Monday, March 21, 2016

Idaho Pasture Piglets For Sale

As seen in the January/February issue of "Grit" magazine. Tired of pastures that look like a bomb struck? 

Idaho Pasture Pigs are bred to be grazing pigs rather than rooting pigs. After the first year in your pasture, your pigs will simply eat the grasses rather than root them up.  

IPPs are a smaller pig and perfect for the small homestead farmer. They have a delicious, richly flavored, more marbled meat. 

For more information about Idaho Pasture Pigs, click on the page link at the top of this blog for Idaho Pastured Pigs. 

Breeding Pairs $700, Gilts $350, Boars $350, Barrows $125. 

Please use the "Contact Me" bar to the right if you're interested and for more information.  

Sunday, March 20, 2016

Planting Crocuses (Or Croci - Either Is Correct)

The honeybees have been making forays out into the bleak, bleak, grey and brown world of very early spring.  I feel so bad for them because there is just nothing for them out there - until I noticed this busy little honeybee on one of my crocus.  

I know it's important to feed the bees in the spring, but it must be so completely satisfying for them to be able to bring back something natural to the hive.  This honeybee forager is fulfilling her role in life!  

So, I vowed that this spring, I will plant many, many more crocuses, daffodils, tulips, and other early-spring blooming flowers, just so these poor, hardworking bees can fulfill their destiny!

I'm looking forward to the emergence of the smiling faces of the first dandelions and the abundance they bring to the unfortunate bees!  

Friday, March 11, 2016

Harbingers Of Spring

In the heart of winter, it's hard to even remember what the world felt like when it was warm and green.  But slowly and inexorably the earth turns and the seasons begin to shift.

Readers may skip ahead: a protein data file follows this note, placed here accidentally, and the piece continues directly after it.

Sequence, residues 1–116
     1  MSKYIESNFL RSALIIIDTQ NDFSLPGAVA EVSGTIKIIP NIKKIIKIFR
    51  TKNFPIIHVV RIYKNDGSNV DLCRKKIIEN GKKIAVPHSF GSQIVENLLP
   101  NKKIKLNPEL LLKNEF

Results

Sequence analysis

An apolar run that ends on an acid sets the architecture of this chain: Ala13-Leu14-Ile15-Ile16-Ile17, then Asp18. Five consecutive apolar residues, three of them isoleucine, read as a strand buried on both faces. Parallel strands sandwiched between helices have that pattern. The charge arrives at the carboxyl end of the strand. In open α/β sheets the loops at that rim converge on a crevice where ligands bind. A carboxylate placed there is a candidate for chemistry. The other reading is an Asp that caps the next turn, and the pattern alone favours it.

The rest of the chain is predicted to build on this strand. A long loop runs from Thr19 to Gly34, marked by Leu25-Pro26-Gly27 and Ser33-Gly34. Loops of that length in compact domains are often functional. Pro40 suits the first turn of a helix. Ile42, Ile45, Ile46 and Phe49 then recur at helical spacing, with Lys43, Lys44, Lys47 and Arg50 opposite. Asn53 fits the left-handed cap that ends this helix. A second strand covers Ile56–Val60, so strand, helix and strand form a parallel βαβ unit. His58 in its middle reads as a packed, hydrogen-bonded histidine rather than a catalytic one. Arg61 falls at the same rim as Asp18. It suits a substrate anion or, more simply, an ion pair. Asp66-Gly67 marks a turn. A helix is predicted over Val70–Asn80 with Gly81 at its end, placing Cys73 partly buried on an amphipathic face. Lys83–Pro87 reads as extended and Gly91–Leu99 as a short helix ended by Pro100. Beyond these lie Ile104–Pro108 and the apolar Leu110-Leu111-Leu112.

The temperatures have climbed up to the 60s!

This year, due to being over scheduled and overwhelmed, we decided to take off a year from maple syrup production.  It looks like we picked the proper year for it because I think the season is going to be (sadly, for the producers) very short.  The warm temperatures will make the trees get buds and the sap gets yucky.  It gets a slimy look to it and a kind of nasty smell and that's the end of the season.  

The red wing blackbirds are back and their familiar trill can be heard throughout the day.  And I had heard that there were robin sightings, but didn't believe it until I finally saw some myself.  The red breast of robins and their cheerful little chirps definitely mean spring is on it's way.  

Then there's one final sign of spring.  All the animals are shedding.  Violet the goat, looks like a refugee from a yarn factory.  She has long, angora-like fur and it comes off her in ropes.  Yesterday, I gave Bandit a good combing and I think I could have made another horse out of the hair I took off him!

Happy, Happy Spring!

Awake, thou wintry earth -
Fling off thy sadness!
Fair vernal flowers, laugh forth
Your ancient gladness!
~Thomas Blackburn, "An Easter Hymn"

Now, I'm waiting for that one more wintery blast.......